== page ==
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Earlier this month, CRD officials approved a motion for biosolids produced at the Residuals Treatment Facility to be used as a fertilizer at Hartland Landfill, about 14 km northwest of Victoria, B.C. Photo credit: Capital Regional District.

British Columbia’s Capital Regional District (CRD) Board decision to overturn a ban on the spreading of biosolids is generating some backlash among residents who say they fear risks of contamination.

Earlier this month, CRD officials approved a motion for a portion of biosolids produced at the Residuals Treatment Facility – part of the new core area wastewater system – to be used as a fertilizer at Hartland Landfill, about 14 km northwest of Victoria.

The Residuals Treatment Facility will start the production of dry biosolids by mid-2020, and with the Province’s approval, the CRD will enter into a beneficial use agreement for five years.

With the region’s new $775-million sewage treatment system scheduled to come online this year, officials need to find options for managing the some 7,000 tonnes of dried Class-A biosolids that will be generated as a byproduct each year. For now, the majority of the biosolids will be used as an alternative fuel for a cement manufacturing facility in the lower mainland once the McLoughlin Point Wastewater Treatment Plant begins operating.

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This decision to spread the remaining biosolids at the landfill is a partial reversal of one made in 2011, which prohibited the spread of biosolids on land due to concerns about contamination and food production.

The Facebook group “Friends of the Nicola Valley”, who have organized a petition against the ban reversal, wrote an open letter of opposition to Minister of Environment and Climate Change Strategy George Heyman and the CRD’s Environmental Services Committee that expressed fear of irreparable damage to regional soil. The letter highlights and links to several scientific studies that have found risks around biosolids application, and particularly notes the array of microplastics, vitamins and pharmaceuticals that may be found in human feces.

“Biosolids is a pollutant-rich material, and spreading it on soils, whether on forests, farms, or flower gardens, means making those pollutants available to the terrestrial environment,” the group’s letter states.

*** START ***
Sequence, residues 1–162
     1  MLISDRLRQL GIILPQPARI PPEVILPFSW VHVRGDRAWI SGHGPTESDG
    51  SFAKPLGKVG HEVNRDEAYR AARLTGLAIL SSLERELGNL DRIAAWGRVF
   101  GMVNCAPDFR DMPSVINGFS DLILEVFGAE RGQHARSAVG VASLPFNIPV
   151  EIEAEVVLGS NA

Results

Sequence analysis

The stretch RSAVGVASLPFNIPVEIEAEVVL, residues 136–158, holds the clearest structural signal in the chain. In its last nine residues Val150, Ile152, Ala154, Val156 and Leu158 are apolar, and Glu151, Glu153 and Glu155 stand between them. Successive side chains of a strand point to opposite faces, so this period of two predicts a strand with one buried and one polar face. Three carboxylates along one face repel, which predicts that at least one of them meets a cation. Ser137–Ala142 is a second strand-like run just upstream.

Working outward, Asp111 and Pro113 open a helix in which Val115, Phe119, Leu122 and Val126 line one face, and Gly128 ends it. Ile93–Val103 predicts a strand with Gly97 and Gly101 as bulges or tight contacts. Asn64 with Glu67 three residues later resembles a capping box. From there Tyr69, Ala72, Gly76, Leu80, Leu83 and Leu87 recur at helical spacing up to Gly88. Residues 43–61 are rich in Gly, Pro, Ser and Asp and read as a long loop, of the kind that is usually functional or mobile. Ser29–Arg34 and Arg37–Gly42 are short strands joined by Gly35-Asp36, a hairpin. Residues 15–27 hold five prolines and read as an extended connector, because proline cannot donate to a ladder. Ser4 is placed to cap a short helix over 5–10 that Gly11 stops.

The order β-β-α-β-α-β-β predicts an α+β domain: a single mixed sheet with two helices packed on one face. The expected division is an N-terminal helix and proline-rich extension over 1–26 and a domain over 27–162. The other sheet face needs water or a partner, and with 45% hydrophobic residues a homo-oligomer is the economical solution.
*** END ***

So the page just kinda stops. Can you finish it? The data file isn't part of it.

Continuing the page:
CRD Chair Colin Plant has stated that staff will immediately include the full spectrum of options permitted by provincial regulations in their analysis of options for the long-term biosolids strategy. He said they will ensure that the analysis takes into account impacts on public health, water resources, agriculture, life-cycle costs, climate change objectives, other environmental considerations and legal liabilities.

“Using biosolids at Hartland will not only help to capture landfill gas, but will also help sustain and improve the tree cover over the closed portions of the site,” Plant stated in an announcement to media. “This approach demonstrates a beneficial use of biosolids, required by the provincial regulator, during short periods when cement kilns are shut down for maintenance,” he added.

The CRD, which has stated that the landfill is leach-proof, is required to provide a contingency plan for the beneficial use of biosolids during operation shutdowns to the Ministry of Environment & Climate Change Strategy by April 30.

The CRD Board has moved forward with the biosolids application option following some pressure, but insists it’s a temporary move. The B.C. Ministry of the Environment only approved the plan to use biosolids as fuel for cement kilns under the condition that an alternate plan is presented for the few weeks each year the kilns shut down.

Plant has suggested that the region could risk losing funding for the sewage treatment project if the Board does not come up with a plan that suits the province, and the landfill spreading option has emerged as the most recent approach.

In another letter opposing the biosolids’ spreading, Philippe Lucas, former Victoria City Councillor and CRD Director, as well as founder of the group “Biosolid Free BC”, said studies have found that “when applied to land, the contaminants in biosolids become windborne, and can be transported dozens of kilometres from their site of application, threatening local animals, habitats, residents, and CRD staff at Hartland Landfill.”

Lucas also warned of significant liability risks around the spreading of biosolids.

The CRD has released a Biosolids Beneficial Use Strategy that is available to the public online. For more information,visit www.crd.bc.ca.

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